Bill McGee January 28, 2012 at 05:53 AM
I agree that trains will not replace cars, and I agree that we are likely to always rely on the flexibility and freedom that cars provide. I hapen to strongly believe that we need an north-south alternative to highway 101 and that SMART is a good plan for the job. SMART is a wise investment for the future and while a lot of money, it is actually a great value. Unlike many new rail lines, we already own the land so the cost per mile is much lower than comparable costs for rail (not to mention new highways).
Bill McGee January 28, 2012 at 05:57 AM
By the way, car users do not pay ALL the costs. The cost to build and maintain roads and highways are enormous and our gas tax does not come close to footing the bill.
Edwin Drake January 28, 2012 at 06:01 AM
Hey JReed - I'm a deep green, working poor, radical marxist and I'm against SMART for taxing me regressively for a service I'll never be able to use. I want buses, lots and lots and lots of buses that are ready to go, route changeable, infrastructure ready, clean, and comfortable.
Edwin Drake January 28, 2012 at 06:08 AM
Just curious: have any studies been done on track liquification when the earth shakes and quakes? I haven't seen any but know that 101 is doomed for failure in THE BIG ONE and I can't imagine SMART is otherwise. Comments?
Bill McGee January 28, 2012 at 06:09 AM
Toni, it is already built. The claim that SMART is going to increase new construction is an argument put forth by the anti-SMART crowd, but has no merit....because the guidelines for housing units near stations have already been met.
Eleanor Sluis January 28, 2012 at 06:26 AM
I thank Toni Shroyer, John Parnell, Clay Mitchell Mike Arnold, Dinah Matos, and all the others who have worked hard to petition for another vote on the transportation taxes and the mandates from ABAG/MTC to change Marin from becoming just like the South and East Bay. May their efforts keep Marin and its cities from being overly crowded and instead allow for future generations to relax and enjoy its beauty, wildlife, scenery, and space.
Jerome J Ghigliotti Jr January 28, 2012 at 06:29 AM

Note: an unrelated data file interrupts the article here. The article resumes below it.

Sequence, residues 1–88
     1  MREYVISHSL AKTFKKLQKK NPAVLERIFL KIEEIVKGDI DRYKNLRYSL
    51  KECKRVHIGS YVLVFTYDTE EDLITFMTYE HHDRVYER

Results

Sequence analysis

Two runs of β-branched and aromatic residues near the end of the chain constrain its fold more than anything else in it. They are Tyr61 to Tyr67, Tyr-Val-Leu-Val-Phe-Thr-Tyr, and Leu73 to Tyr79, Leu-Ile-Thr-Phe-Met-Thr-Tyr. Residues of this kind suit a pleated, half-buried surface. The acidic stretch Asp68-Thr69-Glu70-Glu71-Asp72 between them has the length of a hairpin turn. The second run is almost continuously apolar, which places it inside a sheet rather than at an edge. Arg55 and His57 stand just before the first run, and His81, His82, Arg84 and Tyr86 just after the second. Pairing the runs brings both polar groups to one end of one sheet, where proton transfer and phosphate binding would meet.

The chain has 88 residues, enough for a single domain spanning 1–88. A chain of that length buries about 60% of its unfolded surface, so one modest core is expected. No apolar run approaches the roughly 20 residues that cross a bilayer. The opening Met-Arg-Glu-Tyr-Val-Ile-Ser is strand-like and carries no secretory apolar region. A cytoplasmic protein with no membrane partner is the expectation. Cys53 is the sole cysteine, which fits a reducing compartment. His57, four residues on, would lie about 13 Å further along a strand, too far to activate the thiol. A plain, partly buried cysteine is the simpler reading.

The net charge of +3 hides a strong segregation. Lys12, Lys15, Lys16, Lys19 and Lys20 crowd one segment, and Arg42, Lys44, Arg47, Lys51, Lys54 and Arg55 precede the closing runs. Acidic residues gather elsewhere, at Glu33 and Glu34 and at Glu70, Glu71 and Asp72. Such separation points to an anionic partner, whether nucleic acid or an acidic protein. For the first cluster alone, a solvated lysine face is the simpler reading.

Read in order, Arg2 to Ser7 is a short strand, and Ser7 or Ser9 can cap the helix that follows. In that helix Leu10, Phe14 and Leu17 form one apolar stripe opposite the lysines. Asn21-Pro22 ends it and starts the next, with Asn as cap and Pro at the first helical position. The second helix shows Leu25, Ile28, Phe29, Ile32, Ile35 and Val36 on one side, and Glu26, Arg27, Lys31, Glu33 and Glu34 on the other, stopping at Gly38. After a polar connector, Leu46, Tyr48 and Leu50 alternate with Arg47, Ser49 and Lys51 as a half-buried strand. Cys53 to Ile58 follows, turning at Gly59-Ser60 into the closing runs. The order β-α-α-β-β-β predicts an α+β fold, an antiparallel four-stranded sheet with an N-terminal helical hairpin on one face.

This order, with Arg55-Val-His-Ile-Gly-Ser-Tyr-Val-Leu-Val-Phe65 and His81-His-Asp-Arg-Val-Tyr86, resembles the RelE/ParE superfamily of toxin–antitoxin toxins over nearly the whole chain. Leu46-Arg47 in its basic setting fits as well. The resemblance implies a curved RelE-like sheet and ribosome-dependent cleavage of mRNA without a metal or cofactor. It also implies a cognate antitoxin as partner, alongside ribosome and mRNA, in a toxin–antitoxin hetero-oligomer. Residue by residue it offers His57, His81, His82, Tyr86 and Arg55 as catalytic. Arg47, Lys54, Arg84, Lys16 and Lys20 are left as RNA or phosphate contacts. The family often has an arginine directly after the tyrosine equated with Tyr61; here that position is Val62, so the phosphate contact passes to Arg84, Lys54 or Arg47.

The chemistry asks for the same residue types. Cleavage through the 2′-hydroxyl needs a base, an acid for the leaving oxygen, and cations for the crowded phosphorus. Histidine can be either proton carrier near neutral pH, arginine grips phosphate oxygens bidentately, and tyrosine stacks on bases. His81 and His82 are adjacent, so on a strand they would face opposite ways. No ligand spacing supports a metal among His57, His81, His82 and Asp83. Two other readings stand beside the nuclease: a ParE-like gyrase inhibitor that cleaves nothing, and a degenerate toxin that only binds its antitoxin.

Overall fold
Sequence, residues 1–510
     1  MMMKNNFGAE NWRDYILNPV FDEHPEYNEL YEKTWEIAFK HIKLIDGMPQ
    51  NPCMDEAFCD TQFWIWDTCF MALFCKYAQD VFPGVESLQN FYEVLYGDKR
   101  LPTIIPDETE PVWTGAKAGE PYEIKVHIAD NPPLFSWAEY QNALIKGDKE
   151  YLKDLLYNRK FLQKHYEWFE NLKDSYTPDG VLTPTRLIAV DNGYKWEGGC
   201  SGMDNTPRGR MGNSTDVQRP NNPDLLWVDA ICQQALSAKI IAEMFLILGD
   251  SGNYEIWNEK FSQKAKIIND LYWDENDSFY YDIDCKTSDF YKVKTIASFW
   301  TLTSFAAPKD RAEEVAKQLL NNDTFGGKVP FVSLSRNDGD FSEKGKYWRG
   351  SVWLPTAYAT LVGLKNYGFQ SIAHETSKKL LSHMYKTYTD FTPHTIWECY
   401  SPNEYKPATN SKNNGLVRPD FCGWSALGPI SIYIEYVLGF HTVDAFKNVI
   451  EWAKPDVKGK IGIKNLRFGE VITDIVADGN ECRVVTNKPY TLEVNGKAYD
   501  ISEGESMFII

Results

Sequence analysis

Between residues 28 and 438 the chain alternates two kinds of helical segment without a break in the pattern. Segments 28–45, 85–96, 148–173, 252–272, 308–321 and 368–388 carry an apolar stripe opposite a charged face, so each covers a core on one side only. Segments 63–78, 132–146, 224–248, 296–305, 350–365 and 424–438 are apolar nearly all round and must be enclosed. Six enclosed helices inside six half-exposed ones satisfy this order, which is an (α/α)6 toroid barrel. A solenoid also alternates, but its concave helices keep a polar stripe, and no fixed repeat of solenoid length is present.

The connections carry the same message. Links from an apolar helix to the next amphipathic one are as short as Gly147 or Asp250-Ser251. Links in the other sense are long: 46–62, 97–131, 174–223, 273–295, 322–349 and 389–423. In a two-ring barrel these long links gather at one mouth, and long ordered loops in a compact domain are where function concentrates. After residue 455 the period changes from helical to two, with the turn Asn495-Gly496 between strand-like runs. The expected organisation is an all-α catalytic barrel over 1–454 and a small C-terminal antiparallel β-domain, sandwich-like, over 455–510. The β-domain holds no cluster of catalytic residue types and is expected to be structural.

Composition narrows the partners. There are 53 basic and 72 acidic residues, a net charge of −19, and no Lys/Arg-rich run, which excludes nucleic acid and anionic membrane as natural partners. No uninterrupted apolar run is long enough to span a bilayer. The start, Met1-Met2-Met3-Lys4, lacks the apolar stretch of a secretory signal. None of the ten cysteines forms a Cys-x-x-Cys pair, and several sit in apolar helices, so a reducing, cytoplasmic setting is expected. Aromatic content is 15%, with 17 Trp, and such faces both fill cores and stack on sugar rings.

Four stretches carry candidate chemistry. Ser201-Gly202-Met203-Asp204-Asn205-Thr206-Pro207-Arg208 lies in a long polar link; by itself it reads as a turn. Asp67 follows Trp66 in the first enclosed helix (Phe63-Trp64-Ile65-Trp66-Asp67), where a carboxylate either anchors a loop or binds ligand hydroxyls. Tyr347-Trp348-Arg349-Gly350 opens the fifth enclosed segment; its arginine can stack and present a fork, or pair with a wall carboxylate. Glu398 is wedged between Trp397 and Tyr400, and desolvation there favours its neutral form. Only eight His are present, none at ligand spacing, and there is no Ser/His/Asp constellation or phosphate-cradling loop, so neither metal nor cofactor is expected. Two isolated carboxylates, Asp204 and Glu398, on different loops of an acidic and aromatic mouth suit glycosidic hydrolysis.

Yes, SMART to connect with SF BART is an ideal goal, but you have to start somewhere.
Robert J. Cleek January 28, 2012 at 06:29 AM
Not much need to do studies. Liquifaction, or just about any earth movement, is going to twist rails out of alignment. It's a very common consequence of strong earthquakes and well understood by railroad maintenance experts. The difference between highways and railroads in such circumstances is rather marked when the speed and cost of repairs are compaired. It is relatively easy to lay new rails and a whole lot easier than rebuilding highway infrastructure. There's equipment that consists of a train that carries the materials and lays the ties and rail and packs the ballast ahead of itself as it goes along, entirely automated, at a rather astonishing speed.
Jerome J Ghigliotti Jr January 28, 2012 at 06:33 AM
Corte Madera is studying withdrawal from ABAG. ABAG is the one who imposed the felon-housing requirement on SMART. Novato and the rest of Marin-Sonoma should kill ABAG, not SMART.
Kevin Moore January 28, 2012 at 06:38 AM
Add in, in Europe, passenger trains have the right of way. In the US freight has the right of way. NCRA has given the right of way to SMART... for now. Population density is a huge issue. Why BART pulled out of Marin.
Kevin Moore January 28, 2012 at 06:43 AM
SMARTS current white papers show the total cost of building SMART, with interest at $845 million.
Bill McGee January 28, 2012 at 06:45 AM
To Edwin Drake - on the topic of more buses, we already tried that and it has failed. Despite throwing more money at it, bus routes had to be cut because of poor ridership. Buses do not solve the problem of having only one way to travel north-south (highway 101). Buses are not cheap despite all the people that like to say they are because of the labor costs to drive and maintain. We tried to throw more money at buses - MEASURE A in 2004 was passed and we are still paying the 1/2 cent sales tax for transportation. Ironic that Measure A costs twice as much as Measure Q (SMART). About 55% of Meausre A funds go toward local transit and zero goes toward rail.
Kevin Moore January 28, 2012 at 06:46 AM
Hmmm. Maybe that is why SMART is paying to upgrade the Blackpoint bridge automation. But you knew that was part of what you voted on. Fix the bridge to Vallejo. Actually, that is part of the deal with NCRA. They kick in Federal funds and SMART fixes the bridge. SMART has options on over 100 more train cars.
Kevin Moore January 28, 2012 at 06:47 AM
Unless the Richmond bridge can support a train, I don't see any way SMART will be going to the east bay. The bus alternative that was proposed would be easy to expand eastward.
Bill McGee January 28, 2012 at 07:12 AM
If train critics are looking for a transit solution to fix all our problems, or even just to make a large dent in traffic on highway 101, it does not exist. Does mean that SMART (or any transit system for that matter) is not worth it or is not a good value? No. In my view we desperately need a transportation alternative to cars and buses on highway 101; the only north-south transportation option through Marin and SMART is a good plan at a reasonable cost. Like other transit systems the ridership will be modest to start but will grow over the years and service will expand. BART and the GG Ferries are good examples of this. No one seems to question the value of the GG Ferries these days despite the huge cost in subsidy monies that go into the Ferries. I believe that SMART will be an asset to Marin and Sonoma for the future of our kids and grandkids.
Kevin Moore January 28, 2012 at 07:27 AM
Likes Facts - Interesting analysis. I hope you are correct. Considering Sonoma was almost put on water rationing in 2009, I don't see a lot of room for massive housing unit growth.
Kevin Moore January 28, 2012 at 07:34 AM